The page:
– Old Bulgarian (Old Slavonic) – covers the period from the 9th to the 11th century. This was the period of acceptance of Slavonic as the official language also in Bulgaria, until the end of the First Bulgarian Empire in 1018. According to some linguists, the beginning of the Old Bulgarian language is related to the creation of the first Slavonic alphabet (Glagolitic) in 863. It is a period when Bulgaria became the centre of Slovenian culture and literature and when the oldest Glagolitic and Cyrillic Old Bulgarian documents were written.
– The Middle Bulgarian period lasts from the 12th to the 14th century. This is a time between the restoration of the Second Bulgarian Empire and annexation by the Ottomans. The language of the Second Bulgarian Empire is based on a mixture and development of Serbian, Russian, Moldovan Vlach, and assumes the nature of a common Slavonic literary language.
– New Bulgarian develops from the 15th century to the present. The oldest written documents in the new Bulgarian language are compendia of church writings from the 17th and 18th centuries. Upon the liberation of Bulgaria from the Turks in 1878, the Bulgarian language was declared the official language of the country on 11 September 1878 by a circular letter from the Russian occupation administration. It was then decided, and it remains to this day, that the official Bulgarian language is based on the north-eastern dialect, because the largest cities in the country of Veliko Trnovo, Stara Zagora, Shumen, Ruse, Gabrovo and Plovdiv spoke similarly though differently from the western part of the country.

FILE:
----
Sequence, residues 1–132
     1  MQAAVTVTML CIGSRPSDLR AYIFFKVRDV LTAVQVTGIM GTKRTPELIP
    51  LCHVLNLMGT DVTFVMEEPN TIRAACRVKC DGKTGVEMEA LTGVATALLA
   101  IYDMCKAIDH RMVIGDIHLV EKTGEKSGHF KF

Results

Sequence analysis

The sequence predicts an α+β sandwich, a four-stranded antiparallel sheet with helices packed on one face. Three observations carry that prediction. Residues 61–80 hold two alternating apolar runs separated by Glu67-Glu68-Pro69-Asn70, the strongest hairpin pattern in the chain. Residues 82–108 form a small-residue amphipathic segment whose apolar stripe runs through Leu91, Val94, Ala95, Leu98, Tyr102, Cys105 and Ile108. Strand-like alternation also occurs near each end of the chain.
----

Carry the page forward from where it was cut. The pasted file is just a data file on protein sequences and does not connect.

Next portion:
What is known as the ‘Jat border’ is the division of the Bulgarian dialects into western and eastern, depending on whether the vowel called ‘Jat’, ѣ, has a sound like â (eastern) or e (western). This made a distinction between literary language and western speech.
There are three main periods in the development of Bulgarian literary language:
– From the beginning of the 19th century to the liberation of Bulgaria from Ottoman rule
– The period after the liberation when Bulgarian undergoes several spelling reforms
– 9 September 1944 until the present.
Bulgarian script is Cyrillic. According to Bulgarian linguistics, in addition to the basic standard used in Bulgaria, there is also a Macedonian standard that uses Cyrillic and a Banat norm (the language of Banat Bulgarians) that uses Latin script.
The modern Bulgarian language is based on the north-eastern dialect, which from its birth belongs to the main representatives of Bulgarian literature of the 19th century, but also uses the eastern and western dialects, with their northern and southern sub-dialects.